Cervical cancer is when there is abnormal cell growth that begins in the lower part of a woman’s uterus (the cervix). Most cervical cancer is caused by spread of the human papillomavirus, or HPV.
Cervical cancer: what you should know
- If caught early, your doctor can successfully treat cervical cancer. By having regular Pap tests and HPV tests, your doctor can test for early signs of this disease.
- Women who are 26 and younger may opt to have a vaccine to help protect against cervical cancer. The Centers for Disease Control advises that boys and girls begin getting vaccinated around 11 or 12.
- You can get HPV, which often leads to cervical cancer, through sex. Reduce your HPV risk by using latex condoms and limiting your number of sexual partners.
- Smoking increases your risk of getting cervical cancer.
How can I get help for cervical cancer?
Also talk to your primary care doctor or OB-GYN if you need the following:
- Pap test: to look for abnormal cells on the cervix
- HPV test
- HPV vaccination
Care for cervical cancer at Rush
To confirm diagnosis and remove abnormal cells, your doctor may perform a colposcopy. During this procedure, your doctor will check the vagina and cervix, and remove tissue samples. Samples are then evaluated under a microscope for signs of disease.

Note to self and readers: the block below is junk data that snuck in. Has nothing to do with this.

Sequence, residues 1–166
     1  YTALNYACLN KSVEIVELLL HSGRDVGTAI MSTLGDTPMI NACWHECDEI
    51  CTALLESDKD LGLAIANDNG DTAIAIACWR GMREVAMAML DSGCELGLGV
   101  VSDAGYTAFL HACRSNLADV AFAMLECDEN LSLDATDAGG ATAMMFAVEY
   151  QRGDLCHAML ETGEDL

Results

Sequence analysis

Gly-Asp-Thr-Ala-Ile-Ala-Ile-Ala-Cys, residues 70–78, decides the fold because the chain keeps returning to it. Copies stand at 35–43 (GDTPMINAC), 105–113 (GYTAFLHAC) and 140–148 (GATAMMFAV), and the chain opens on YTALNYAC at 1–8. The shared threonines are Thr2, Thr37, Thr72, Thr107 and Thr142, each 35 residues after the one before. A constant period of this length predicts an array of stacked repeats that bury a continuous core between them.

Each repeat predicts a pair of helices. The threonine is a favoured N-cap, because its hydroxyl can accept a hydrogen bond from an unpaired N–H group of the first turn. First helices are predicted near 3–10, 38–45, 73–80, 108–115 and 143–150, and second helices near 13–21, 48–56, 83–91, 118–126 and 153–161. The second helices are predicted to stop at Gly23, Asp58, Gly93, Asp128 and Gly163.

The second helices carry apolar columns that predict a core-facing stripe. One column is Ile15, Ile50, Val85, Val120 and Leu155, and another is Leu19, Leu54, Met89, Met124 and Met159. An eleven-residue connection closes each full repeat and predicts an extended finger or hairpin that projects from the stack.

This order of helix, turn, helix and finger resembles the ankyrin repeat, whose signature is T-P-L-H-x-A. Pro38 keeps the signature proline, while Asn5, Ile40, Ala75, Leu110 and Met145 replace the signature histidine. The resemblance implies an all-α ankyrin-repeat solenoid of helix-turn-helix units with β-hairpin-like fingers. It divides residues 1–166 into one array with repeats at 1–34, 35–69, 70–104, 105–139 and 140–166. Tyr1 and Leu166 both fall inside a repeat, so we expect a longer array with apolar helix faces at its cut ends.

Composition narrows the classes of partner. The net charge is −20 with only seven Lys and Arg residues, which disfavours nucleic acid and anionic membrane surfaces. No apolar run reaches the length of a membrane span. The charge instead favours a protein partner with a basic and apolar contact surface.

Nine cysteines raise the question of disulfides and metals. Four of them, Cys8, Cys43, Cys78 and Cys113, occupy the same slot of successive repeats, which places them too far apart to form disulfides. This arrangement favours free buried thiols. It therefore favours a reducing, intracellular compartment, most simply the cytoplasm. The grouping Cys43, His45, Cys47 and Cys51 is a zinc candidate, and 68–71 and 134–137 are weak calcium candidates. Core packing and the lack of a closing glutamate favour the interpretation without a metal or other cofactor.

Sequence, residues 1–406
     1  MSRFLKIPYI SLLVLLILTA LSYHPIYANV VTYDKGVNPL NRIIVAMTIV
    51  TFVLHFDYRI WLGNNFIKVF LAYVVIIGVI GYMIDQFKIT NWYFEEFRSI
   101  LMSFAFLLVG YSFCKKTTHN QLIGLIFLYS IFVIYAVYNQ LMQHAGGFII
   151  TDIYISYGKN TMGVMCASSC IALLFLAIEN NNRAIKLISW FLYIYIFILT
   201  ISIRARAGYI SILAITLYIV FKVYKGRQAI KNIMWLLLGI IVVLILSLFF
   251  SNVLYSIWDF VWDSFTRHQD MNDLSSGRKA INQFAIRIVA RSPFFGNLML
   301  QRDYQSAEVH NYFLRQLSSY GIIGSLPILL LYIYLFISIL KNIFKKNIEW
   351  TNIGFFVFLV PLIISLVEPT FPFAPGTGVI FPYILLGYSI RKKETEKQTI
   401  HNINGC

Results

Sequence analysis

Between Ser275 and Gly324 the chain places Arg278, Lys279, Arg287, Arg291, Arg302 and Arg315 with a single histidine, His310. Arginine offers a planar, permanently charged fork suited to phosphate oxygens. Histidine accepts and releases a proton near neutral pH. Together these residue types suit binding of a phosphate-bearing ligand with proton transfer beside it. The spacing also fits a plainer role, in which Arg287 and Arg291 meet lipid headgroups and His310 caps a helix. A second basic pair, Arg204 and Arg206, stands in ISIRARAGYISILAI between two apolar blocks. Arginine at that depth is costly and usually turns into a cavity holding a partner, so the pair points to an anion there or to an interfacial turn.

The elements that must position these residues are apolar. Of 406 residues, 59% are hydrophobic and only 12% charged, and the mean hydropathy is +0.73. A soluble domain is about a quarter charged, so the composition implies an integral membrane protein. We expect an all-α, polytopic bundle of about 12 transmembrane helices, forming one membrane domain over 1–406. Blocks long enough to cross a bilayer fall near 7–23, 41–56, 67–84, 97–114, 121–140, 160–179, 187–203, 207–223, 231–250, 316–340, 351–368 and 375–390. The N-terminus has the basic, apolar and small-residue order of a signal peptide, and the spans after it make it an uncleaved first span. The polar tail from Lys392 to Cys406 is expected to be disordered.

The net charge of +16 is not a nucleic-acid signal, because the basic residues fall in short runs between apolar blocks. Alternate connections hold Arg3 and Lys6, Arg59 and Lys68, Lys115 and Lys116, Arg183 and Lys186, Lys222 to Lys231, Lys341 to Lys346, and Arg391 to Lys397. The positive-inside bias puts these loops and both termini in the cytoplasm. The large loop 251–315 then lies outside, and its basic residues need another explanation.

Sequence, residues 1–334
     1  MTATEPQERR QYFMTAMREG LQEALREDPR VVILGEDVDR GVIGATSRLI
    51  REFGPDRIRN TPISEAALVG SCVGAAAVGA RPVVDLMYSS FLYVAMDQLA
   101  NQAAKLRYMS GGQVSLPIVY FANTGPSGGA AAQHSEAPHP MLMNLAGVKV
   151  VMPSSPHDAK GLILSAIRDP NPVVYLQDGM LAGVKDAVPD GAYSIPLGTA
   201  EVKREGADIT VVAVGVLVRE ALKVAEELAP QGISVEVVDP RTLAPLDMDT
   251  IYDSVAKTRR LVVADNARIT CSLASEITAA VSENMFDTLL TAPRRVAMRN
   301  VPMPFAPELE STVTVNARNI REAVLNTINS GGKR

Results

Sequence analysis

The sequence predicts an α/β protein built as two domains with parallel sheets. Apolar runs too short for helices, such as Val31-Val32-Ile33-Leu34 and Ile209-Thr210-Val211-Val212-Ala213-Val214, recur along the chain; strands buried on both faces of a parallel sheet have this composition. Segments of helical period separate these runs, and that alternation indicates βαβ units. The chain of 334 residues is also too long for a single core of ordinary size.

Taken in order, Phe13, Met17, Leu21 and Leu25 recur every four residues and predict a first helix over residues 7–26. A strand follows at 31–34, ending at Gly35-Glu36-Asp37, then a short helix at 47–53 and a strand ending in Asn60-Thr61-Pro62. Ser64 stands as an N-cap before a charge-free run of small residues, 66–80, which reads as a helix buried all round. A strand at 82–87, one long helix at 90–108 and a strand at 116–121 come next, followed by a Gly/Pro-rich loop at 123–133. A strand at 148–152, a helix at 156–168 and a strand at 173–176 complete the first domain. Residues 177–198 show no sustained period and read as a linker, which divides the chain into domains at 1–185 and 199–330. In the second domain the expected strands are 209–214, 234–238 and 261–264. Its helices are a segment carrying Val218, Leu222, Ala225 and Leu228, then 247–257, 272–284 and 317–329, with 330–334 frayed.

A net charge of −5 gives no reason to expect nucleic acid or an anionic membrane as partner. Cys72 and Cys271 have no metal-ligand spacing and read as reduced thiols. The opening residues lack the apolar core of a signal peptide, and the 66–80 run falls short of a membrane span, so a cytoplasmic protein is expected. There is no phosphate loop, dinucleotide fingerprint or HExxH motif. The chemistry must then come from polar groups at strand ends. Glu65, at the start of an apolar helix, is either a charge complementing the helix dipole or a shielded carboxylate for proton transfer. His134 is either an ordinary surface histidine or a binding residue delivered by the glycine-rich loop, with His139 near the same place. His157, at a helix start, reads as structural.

Or your doctor may opt to perform a procedure called conization or cone biopsy to evaluate and remove tissue or cells.
If necessary, your doctor will recommend you see a gynecologic cancer specialist. Treatment for cervical cancer depends on stage, but it may include the following (alone or in combination):
During treatment, you can also explore services offered through the Integrative Medicine Program at Rush. The program offers complementary therapies that can enhance cancer treatments by reducing the mental and physical stresses. The program offers acupuncture, biofeedback, guided imagery, counseling, massage therapy, yoga and more.
Why choose Rush for cervical cancer care
- Primary care doctors at Rush, including OB-GYNs, check women for signs of cervical cancer and can give HPV vaccinations. They also provide support for those who want to quit smoking, which is a risk factor for cervical cancer.
- The gynecologic cancer program at Rush was among the first in the region to fight cervical cancer with a team approach. Patients see multiple cancer specialists and receive a personalized treatment plan.
- As a principal member of the National Cancer Institute’s Gynecology Oncology Group, Rush is at the leading edge of gynecologic cancer care and research.
- The Rush University Cancer Center has been awarded the Outstanding Achievement Award from the American College of Surgeons' Commission on Cancer. Rush has received this award, which is given every three years, each time it has been evaluated by the Commission on Cancer.
- Gynecologic oncologists and OB-GYNs at Rush are specially trained to use robotic surgery (da Vinci) to treat certain kinds of cervical cancer.